New York Becomes First To Offer Free College Tuition


Hillary Clinton (left) and Gov. Andrew Cuomo (right) announce free tuition plan in Long Island City.
Photo courtesy of the Governor’s office


Gov. Andrew Cuomo and the state legislature made history last week following the passage of a scholarship program that would provide free tuition to the state’s public colleges and universities.

The Excelsior Scholarship, which is included in the Fiscal Year 2018 Budget Agreement, offers free tuition at two- and four-year public colleges for students from families making up to $125,000 per year.

“With this budget, New York has the nation’s first accessible college program,” Cuomo said. “It’s a different model.

Today, college is what high school was—it should always be an option, even if you can’t afford it. The Excelsior Scholarship will make college accessible to thousands of working and middle class students and shows the difference that government can make. There is no child who will go to sleep tonight and say, ‘I have great dreams, but I don’t believe I’ll be able to get a college education because my parents can’t afford it.’ With this program, every child will have the opportunity that education provides.”

The presidents of Queens colleges praised the passage of the scholarship.

“This was a bold move on the part of the governor and state legislators who supported it,” said York College’s Marcia Keizs. “This is an idea whose time has come again to public higher education and we applaud the governor for his leadership in extending access to more New Yorkers seeking high-quality educational opportunities at public colleges and universities across the state.”

Queens College President Félix V. Matos Rodríguez said that the scholarship would help to prepare more New Yorkers for a highly competitive economy.

“Queens College students benefited from a free tuition policy until the 1976 New York City fiscal crisis,” he said.

“Since 1976, Queens College students and their families have paid tuition charges, albeit modest in comparison to other colleges and universities, subsidized in part by federal, state, city and private financial aid. The college looks forward to working with state officials to implement initiatives that further expand access to the best possible higher education.”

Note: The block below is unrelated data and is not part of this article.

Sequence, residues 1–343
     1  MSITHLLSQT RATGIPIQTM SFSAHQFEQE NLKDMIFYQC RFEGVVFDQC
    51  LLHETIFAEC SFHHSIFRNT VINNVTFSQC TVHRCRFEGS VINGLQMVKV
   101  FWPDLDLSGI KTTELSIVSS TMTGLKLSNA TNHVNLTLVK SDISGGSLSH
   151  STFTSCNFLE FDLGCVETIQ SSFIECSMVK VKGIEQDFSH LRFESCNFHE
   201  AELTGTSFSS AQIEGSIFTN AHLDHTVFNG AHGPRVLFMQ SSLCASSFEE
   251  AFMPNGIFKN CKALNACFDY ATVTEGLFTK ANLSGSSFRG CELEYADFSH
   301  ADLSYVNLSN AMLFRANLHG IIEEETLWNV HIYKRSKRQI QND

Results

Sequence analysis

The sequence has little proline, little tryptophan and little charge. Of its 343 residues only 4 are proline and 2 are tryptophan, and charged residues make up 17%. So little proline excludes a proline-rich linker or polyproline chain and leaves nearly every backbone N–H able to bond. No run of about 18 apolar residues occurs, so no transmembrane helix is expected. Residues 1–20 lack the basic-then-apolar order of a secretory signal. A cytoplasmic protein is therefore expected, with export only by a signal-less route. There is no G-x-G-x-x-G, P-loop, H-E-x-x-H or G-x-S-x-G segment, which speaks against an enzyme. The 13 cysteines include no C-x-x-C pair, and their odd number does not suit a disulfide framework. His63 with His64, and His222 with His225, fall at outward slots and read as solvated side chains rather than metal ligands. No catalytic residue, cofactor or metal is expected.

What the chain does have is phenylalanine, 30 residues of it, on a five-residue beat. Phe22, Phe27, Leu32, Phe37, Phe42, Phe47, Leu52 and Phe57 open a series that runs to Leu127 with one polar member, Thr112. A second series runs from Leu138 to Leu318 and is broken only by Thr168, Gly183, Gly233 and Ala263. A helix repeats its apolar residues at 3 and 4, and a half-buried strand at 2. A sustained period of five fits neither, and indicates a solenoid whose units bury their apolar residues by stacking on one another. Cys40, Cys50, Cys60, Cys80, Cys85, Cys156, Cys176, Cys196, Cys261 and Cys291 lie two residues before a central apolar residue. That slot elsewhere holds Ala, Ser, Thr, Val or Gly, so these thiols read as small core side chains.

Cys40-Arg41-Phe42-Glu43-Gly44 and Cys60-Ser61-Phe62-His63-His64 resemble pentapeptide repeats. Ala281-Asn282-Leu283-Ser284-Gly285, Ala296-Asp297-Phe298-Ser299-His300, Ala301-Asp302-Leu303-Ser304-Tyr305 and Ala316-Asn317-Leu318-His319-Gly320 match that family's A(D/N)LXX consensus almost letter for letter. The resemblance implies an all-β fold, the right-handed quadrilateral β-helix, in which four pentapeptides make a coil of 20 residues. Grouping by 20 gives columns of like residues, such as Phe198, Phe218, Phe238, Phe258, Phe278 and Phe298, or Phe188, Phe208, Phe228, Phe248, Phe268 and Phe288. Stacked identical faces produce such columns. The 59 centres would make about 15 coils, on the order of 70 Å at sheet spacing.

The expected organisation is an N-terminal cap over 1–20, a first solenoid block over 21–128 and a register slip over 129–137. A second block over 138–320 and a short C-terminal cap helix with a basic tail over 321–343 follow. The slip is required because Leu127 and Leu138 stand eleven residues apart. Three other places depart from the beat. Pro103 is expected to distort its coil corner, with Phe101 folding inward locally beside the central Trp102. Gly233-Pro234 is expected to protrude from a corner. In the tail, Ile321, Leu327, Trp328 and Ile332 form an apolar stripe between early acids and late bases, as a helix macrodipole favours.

LaGuardia Community College President Dr. Gail O. Mellow, said that the scholarship was a “bold and visionary” idea and called its passage a “historic moment.”

“The Excelsior Scholarship recognizes that, in today’s world, it’s not enough to have a high school degree,” Mellow said. “People need a college degree to secure a well-paying job. For our students, many of whom are low-income and first generation college students, the Excelsior Scholarship offers much hope and motivation. Our students will be able to work less and study more. New York should be proud to be the first in the nation to secure free tuition.

But we will certainly not be the last. States across the nation are sure to follow Governor Cuomo’s approach as they see it act as a catalyst for not only getting students to attend and complete college, but also as an important lever to stimulate the state’s economy.”

Queensborough Community College President Diane B. Call, said that the scholarship would boost the state’s middle class.

“The Excelsior Scholarship program will provide a gateway to the middle class for New York’s most deserving students,” Call said. “New York will be stronger because of improved access to higher education.”

To qualify for the scholarship, students must be an undergraduate of any age enrolled at a SUNY or CUNY school whose family earns no more than $100,000 this year, $110,000 next year and up to $125,000 in 2019.

Under Excelsior, students would be required to attend full-time and must finish on time, depending on whether they are in a two- or four-year program. Additionally, students in the program would be required to work in New York State for at least two years after receiving a degree— otherwise, the full grant would retroactively become a loan.

Although Cuomo pushed to make undocumented students eligible for the scholarship, the provision was not included in the final budget— therefore, only students who are citizens, permanent residents or refugees are eligible for the program.

The Excelsior Scholarship is expected to cost $163 million in the first year before it’s fully phased in.

Reach Ariel Hernandez at (718) 357-7400 x144 or

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